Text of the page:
Prudential rejects regulation by PIA

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Prudential Corporation, the strongest critic of the Personal Investment Authority, has finally rejected the new regulator and aims to seek direct supervision by the Securities and Investments Board, the senior financial watchdog.

The Treasury, the SIB and the PIA itself all described the Pru's move as regrettable. The Treasury said neither the PIA nor its timetable would be deflected by the Pru's decision.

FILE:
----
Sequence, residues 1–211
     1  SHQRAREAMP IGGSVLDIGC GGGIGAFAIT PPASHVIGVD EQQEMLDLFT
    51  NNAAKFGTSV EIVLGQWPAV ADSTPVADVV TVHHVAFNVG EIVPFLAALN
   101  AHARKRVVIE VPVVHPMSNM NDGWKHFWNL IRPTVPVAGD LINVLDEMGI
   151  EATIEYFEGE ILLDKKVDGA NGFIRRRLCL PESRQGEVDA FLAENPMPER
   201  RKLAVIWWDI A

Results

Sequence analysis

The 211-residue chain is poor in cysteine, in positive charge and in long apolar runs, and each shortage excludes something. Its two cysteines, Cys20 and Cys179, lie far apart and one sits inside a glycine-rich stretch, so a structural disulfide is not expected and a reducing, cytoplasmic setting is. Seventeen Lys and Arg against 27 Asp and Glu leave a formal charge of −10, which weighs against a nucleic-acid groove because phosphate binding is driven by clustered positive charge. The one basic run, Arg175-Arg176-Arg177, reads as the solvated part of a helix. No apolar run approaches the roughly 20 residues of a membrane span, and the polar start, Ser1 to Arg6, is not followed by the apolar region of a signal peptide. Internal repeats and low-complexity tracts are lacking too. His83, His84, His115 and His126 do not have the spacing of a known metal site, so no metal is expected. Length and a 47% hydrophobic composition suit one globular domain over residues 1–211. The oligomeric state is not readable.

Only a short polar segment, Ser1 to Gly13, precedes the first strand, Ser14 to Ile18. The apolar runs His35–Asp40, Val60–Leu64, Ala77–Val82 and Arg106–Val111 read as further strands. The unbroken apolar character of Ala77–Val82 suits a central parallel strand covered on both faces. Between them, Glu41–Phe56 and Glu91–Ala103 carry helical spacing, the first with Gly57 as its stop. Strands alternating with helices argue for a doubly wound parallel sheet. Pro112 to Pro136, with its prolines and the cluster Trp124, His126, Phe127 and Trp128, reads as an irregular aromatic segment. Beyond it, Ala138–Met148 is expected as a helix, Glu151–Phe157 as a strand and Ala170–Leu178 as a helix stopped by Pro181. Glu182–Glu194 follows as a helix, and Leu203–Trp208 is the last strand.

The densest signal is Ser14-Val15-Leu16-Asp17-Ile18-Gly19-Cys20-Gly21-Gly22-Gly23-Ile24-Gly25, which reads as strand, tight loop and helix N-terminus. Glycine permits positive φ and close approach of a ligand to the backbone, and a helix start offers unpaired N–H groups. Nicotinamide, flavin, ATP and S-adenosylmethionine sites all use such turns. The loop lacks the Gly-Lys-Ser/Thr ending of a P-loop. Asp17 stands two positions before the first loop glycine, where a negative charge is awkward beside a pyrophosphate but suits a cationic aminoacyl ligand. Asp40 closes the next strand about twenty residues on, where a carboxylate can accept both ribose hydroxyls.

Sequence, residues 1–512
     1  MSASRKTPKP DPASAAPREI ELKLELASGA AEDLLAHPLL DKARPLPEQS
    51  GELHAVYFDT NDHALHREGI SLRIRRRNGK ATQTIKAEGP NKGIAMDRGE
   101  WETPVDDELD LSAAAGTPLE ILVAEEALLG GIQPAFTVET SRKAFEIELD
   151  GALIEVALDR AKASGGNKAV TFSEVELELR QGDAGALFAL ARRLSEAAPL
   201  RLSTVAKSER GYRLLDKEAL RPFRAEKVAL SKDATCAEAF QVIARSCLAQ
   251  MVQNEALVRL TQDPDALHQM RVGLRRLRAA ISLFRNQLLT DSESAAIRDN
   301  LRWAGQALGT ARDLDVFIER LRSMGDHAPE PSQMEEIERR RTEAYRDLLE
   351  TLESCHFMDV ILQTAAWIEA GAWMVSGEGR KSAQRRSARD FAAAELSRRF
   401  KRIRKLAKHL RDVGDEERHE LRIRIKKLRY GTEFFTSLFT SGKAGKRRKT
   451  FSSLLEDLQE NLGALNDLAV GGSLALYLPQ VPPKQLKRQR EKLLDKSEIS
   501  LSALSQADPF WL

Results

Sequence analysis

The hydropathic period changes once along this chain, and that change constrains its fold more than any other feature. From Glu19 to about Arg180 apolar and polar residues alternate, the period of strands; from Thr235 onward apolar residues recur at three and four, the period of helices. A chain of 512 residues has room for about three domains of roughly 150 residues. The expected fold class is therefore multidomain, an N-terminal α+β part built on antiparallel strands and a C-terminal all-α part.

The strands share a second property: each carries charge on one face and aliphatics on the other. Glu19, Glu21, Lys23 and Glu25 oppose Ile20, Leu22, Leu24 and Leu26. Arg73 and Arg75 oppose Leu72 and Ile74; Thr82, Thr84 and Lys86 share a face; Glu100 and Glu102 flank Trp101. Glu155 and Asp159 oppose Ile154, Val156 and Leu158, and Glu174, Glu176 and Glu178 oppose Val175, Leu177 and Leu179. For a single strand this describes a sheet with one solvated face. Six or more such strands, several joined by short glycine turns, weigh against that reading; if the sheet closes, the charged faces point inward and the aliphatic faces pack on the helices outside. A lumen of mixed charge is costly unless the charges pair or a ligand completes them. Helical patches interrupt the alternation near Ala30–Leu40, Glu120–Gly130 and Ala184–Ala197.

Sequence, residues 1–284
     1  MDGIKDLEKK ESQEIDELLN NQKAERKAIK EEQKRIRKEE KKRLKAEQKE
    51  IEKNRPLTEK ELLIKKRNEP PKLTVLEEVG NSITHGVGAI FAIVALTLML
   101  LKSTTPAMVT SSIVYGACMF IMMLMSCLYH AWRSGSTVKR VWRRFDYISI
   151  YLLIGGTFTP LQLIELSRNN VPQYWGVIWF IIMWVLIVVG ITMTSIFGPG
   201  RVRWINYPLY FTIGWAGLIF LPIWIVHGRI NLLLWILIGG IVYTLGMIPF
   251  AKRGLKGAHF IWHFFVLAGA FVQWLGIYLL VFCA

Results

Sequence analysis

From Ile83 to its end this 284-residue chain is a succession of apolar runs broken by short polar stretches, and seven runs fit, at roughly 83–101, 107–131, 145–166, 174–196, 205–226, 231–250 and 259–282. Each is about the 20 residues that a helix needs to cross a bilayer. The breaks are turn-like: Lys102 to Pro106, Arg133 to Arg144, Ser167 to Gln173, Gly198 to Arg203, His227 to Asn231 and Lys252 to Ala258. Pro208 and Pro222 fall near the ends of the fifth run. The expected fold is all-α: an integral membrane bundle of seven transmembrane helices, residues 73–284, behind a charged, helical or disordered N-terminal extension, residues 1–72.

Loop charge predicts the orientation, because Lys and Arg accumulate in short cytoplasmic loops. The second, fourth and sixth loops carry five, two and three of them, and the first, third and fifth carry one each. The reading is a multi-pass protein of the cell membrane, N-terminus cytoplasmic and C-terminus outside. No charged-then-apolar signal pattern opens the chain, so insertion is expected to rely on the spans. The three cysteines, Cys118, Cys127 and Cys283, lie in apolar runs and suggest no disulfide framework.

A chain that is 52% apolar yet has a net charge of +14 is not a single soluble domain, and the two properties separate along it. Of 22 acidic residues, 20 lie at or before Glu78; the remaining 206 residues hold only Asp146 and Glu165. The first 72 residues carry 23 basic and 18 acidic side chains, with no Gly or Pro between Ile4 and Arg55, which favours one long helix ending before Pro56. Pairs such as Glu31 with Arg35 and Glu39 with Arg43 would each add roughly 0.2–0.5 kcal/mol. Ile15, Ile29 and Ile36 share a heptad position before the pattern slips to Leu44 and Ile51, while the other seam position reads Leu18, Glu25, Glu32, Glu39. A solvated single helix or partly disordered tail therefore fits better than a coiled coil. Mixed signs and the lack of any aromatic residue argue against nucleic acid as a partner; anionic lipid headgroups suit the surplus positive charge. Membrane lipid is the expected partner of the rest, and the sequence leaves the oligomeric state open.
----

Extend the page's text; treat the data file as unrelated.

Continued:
Although the PIA has little enthusiastic support in the financial services industry, most critics seem set to join, albeit reluctantly. Scottish Amicable is the latest life insurer to apply despite misgivings about the composition of the PIA's board, which it believes represents a fundamental break with the concept of self-regulation that is required by law. Standard Life is expected to follow.

A key decision will be that of the Halifax Building Society, which has serious reservations about the PIA and doubts its ability to deliver higher standards. Some believe a rejection by Halifax could deal a critical blow to the PIA's credibility.

Mick Newmarch, Prudential's chief executive, said it did not believe the PIA could offer adequate and cost-effective saver protection.